How to Remove Old Post Hole Concrete

Updated February 21, 2017

Concrete is often used to anchor a post within in the ground. You may need to reuse land for gardening or other construction where old posthole concrete still exists. Although the amount of work necessary to remove old posthole concrete depends on the size of the concrete "plug," removal typically only requires that you pry or pull the concrete from the ground.

Insert the end of your pinch-point digging bar or tamper bar into the ground on one side of the concrete.

Push and pull the bar back and forth to loosen the concrete within the soil.

Pull out the bar, insert it in the soil on the other side of the concrete and repeat.

Position the end of the bar under the concrete and push down on the bar to pry the plug from the hole. If necessary, ask another person to help you push down on the bar.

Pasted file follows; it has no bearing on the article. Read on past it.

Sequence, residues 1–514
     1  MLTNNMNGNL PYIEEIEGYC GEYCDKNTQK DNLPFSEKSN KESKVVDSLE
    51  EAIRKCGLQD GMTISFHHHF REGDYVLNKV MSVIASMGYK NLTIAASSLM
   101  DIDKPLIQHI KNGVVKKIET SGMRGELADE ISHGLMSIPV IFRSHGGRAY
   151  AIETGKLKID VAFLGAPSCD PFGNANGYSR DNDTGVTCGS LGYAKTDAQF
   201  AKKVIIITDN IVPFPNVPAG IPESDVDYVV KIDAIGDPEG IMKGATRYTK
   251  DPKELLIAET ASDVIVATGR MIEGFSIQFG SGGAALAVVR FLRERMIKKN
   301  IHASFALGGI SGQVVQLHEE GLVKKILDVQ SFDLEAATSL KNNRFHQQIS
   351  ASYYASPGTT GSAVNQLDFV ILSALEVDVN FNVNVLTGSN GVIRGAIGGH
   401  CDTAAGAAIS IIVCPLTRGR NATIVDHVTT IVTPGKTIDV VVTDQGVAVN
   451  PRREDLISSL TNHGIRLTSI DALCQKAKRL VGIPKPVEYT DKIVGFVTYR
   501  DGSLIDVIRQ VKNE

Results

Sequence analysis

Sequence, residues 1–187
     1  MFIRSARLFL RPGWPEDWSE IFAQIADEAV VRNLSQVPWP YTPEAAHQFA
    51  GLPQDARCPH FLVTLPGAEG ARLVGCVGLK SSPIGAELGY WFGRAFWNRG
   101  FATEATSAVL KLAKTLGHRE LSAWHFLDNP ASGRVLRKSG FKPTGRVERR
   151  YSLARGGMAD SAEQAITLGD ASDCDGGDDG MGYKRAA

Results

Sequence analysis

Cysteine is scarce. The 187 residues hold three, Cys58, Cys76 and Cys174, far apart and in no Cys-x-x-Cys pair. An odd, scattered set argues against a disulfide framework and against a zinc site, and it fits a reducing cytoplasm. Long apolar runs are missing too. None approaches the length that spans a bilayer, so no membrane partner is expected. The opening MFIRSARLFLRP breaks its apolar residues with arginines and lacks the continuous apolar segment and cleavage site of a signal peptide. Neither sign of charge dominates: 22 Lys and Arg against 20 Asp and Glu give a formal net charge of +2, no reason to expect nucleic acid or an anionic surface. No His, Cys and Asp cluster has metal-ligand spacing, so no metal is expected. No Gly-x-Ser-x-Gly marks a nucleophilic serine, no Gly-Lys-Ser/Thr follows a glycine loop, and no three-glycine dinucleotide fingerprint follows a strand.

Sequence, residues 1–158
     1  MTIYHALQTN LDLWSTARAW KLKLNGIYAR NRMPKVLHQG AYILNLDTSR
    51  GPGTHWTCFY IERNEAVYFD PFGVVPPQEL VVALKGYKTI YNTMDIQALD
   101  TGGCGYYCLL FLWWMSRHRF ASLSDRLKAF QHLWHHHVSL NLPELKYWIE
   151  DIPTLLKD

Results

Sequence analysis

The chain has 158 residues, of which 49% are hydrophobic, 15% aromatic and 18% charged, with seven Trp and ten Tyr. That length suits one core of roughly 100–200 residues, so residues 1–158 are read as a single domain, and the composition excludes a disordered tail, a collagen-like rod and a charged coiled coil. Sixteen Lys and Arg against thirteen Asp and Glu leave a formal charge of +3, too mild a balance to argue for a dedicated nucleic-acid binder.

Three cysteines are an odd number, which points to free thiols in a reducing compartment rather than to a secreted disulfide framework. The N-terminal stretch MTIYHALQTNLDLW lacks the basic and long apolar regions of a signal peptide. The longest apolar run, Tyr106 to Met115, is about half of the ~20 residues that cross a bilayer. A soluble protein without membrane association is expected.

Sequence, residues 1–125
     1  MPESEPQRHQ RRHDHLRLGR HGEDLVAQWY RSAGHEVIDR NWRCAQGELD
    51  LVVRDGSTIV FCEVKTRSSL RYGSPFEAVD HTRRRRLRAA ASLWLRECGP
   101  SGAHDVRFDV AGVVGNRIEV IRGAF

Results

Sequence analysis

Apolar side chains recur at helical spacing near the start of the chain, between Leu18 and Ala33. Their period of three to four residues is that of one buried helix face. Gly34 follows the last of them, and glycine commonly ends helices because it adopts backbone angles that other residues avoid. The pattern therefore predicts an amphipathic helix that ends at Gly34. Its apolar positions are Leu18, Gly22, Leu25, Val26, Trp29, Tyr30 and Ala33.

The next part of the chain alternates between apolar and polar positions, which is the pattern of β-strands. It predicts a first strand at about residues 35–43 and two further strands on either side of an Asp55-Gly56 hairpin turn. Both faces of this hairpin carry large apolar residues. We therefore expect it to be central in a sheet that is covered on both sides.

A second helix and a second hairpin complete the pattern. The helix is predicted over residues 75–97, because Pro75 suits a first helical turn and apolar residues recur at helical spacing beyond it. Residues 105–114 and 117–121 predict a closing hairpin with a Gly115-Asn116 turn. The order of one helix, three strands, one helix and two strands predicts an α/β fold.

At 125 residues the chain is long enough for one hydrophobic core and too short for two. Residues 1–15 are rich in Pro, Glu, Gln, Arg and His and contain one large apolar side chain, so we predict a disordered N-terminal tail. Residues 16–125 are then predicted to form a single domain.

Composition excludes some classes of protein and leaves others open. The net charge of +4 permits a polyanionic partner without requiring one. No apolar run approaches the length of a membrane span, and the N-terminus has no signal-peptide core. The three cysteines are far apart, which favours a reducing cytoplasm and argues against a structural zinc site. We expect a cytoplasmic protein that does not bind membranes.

Punch the end of your pinch-point or tamper bar into the soil around the concrete to loosen the soil.

Dig around the concrete with a shovel---removing as much dirt as possible from around the plug.

Wrap and secure one end of a wire or chain from a pickup truck or tractor winch around the concrete.

Turn on the winch. If done correctly, the concrete should pull up and out of the hole.


If prying or pulling the concrete from the hole doesn't work, break it up with a long chisel and hammer or a jackhammer and remove in pieces to dispose of by wheelbarrow. When you break up the pieces, always start at the weakest point in the centre where some of the post remains and work your way out to the edges.


Wear safety goggles when removing post hole concrete as pieces of concrete can fly into the air from not only chiselling by hand or with a jackhammer, but also when digging.

Things You'll Need

  • Grip-style work gloves
  • Safety goggles
  • Pinch-point digging bar
  • Tamper digging bar (optional)
  • Shovel
  • Truck or tractor winch (optional)
  • Long chisel (optional)
  • Hammer (optional)
  • Jackhammer (optional)
  • Wheelbarrow (optional)
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About the Author

Based in Southern Pennsylvania, Irene A. Blake has been writing on a wide range of topics for over a decade. Her work has appeared in projects by The National Network for Artist Placement, the-phone-book Limited and GateHouse Media. She holds a Bachelor of Arts in English from Shippensburg University.